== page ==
HB 891 by Rep. Barry Fleming (R-Harlem) would cut early voting from 21 days to six at the request of small cities. They want relief from paying poll workers for days when few if any advance voters show up, according to Tom Gehl, lobbyist for the Georgia Municipal Association which supports the measure. Keeping the polls open “can be really expensive,” Gehl told the Athens Banner-Herald.
“It does not change anyone’s ability to vote,” said Rep. Fleming, an Augusta attorney and member of the audit committee of the board of Georgia Regents University. If a voter has only six days to vote in advance versus 21 days, how does that not change his ability to vote?
The bill, which cleared a House committee last week, is opposed by a coalition including the League of Women Voters of Georgia, ACLU, NAACP, Southern Christian Leadership Conference, Georgia Association of Latino Elected Officials, the Rainbow PUSH Coalition, and Georgia Coalition of Black Women. They were among 18 groups signing a letter to the House Governmental Affairs Committee opposing HB 891.
Opponents point out that the bill was passed out of a subcommittee Feb. 11, a day after Gov. Nathan Deal extended a state of emergency for Fulton and 44 other counties ahead of the ice storm that paralyzed much of Georgia. If HB 891’s six-day advance voting had been in effect, how many voters would have been out of luck?
“This bill would be a giant step backwards for the election process in Georgia,” said Elizabeth Poythress, president of the League of Women Voters. “It is an obvious attempt to limit voting and a clear byproduct of the controversial Supreme Court decision to eliminate prior approval of changes to election laws in Georgia under the Voting Rights Act.” She said the bill amounts to “taking away voting rights of Georgians in the name of money!”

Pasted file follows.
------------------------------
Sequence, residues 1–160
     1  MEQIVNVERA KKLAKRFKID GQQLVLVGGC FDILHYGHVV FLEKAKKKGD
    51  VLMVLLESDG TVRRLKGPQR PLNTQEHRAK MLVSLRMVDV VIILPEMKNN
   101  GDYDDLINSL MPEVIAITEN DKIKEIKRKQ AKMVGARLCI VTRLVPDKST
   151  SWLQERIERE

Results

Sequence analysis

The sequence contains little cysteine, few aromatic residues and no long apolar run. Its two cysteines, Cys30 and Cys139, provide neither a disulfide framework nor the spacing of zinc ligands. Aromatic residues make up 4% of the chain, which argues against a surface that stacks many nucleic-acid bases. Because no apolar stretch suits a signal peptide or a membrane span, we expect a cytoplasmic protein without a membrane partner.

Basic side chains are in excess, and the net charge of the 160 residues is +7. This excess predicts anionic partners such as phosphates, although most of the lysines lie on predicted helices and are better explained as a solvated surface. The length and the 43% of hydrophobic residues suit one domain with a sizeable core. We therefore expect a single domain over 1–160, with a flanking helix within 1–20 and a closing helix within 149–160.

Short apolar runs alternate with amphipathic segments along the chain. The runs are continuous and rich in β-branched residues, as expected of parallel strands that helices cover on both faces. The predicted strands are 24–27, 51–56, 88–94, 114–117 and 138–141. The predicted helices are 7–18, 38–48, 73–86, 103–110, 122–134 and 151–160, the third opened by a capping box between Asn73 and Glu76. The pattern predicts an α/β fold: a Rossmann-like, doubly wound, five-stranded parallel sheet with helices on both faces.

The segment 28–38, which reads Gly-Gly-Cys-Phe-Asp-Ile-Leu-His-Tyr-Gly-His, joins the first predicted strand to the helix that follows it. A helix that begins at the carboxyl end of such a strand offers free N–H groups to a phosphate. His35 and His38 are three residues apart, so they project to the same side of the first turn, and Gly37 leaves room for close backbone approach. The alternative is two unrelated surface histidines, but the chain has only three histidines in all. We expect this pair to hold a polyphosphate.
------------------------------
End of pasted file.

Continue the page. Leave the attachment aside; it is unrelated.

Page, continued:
The latest move to curtail advance voting comes only three years after the Republican-controlled General Assembly cut early voting in Georgia elections from 45 days to 21 days. Granted, 45 days might have been a tad longer than necessary but that’s not the case with the 21-day window. And why is this suddenly a big issue now after small towns made it through the Great Recession elections?
Although HB 891 purportedly is aimed at helping small cities, the bill says nothing about the size of cities. It applies to “advance voting for municipal elections.” Period. That’s one problem. Then there’s the problem of cutting advance voting to less than a week in cities. To say the least, facts and figures are needed: How many small cities are we talking about? Two or three or more? This can’t be a big enough problem to change the law for all cities in Georgia.
Whatever the problem, HB 891 is not the solution.